The thing I really love about this though is you can choose your level of engagement. Don't want to micro everything? You don't really have to - you can let life take it's course and just ensure that life continues to be paltiple on the planet, or, if you prefer certain types of life or them in certain places, for instance, you can roll up your sleeves and get dirty. This is further strengthened by three different play modes, as well - the normal game mode with full-on game mechanics, a "scientist" mode that gives you infinite resources to experiment with the game freely, and an "observer" mode that's essentially the pure simulation that was the original "game of life" as it were. It's something the developer has obviously paid a lot of mind to and for my part, I really appreciate any game that allows such leeway in how you experience it . That's the strength of the interactive medium, after all, that kind of agency.
Trial-and-error characterises the game if you miss the external resources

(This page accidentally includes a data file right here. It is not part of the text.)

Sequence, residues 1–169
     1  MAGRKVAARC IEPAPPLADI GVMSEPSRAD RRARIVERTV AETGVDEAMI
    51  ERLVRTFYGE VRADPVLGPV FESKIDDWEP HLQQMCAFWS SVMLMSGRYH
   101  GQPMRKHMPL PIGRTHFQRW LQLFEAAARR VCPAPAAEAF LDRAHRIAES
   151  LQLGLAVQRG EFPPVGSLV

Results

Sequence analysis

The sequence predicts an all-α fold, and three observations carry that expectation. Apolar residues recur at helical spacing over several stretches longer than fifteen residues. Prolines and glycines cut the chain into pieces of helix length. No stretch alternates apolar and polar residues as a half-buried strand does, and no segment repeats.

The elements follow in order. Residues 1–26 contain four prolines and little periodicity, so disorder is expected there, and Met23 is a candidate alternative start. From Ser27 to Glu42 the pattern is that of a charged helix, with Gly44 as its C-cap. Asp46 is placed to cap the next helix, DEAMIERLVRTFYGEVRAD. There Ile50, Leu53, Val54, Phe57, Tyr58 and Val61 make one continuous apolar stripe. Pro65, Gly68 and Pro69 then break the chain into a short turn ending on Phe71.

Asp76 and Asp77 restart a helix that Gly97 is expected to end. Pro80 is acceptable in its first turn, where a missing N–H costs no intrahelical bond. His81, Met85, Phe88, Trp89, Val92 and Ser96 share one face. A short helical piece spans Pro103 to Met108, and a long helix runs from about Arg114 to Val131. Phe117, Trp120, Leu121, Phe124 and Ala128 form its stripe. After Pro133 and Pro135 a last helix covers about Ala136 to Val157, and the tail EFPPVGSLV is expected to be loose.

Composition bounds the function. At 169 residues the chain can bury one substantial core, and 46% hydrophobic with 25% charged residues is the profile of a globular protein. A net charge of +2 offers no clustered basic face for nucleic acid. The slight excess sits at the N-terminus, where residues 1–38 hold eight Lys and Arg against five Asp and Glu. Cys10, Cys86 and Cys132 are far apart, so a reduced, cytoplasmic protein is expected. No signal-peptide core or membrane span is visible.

When I was given the review copy of the game, it came with a a link to a very helpful YouTube video explaining the basics, and a readme file that does the same, though not as well. While these external resources do help you on your way, if you're looking at the game as just itself (as you are likely to be doing if you get it on steam, seeing as it's been greenlit), there isn't much direction to help you find your way in terms of what to do to get things started. Wanting to see how a player going into it blind would fare, my first "play" of Xenobloom was done without that aim, and it was probably a good 45 minutes or so of experimentation before I felt I really "got the hang of things" - hardly the kind of length that's going to turn off someone interested in the experimentation aspect of such a system, but far more than many may be willing to stomach.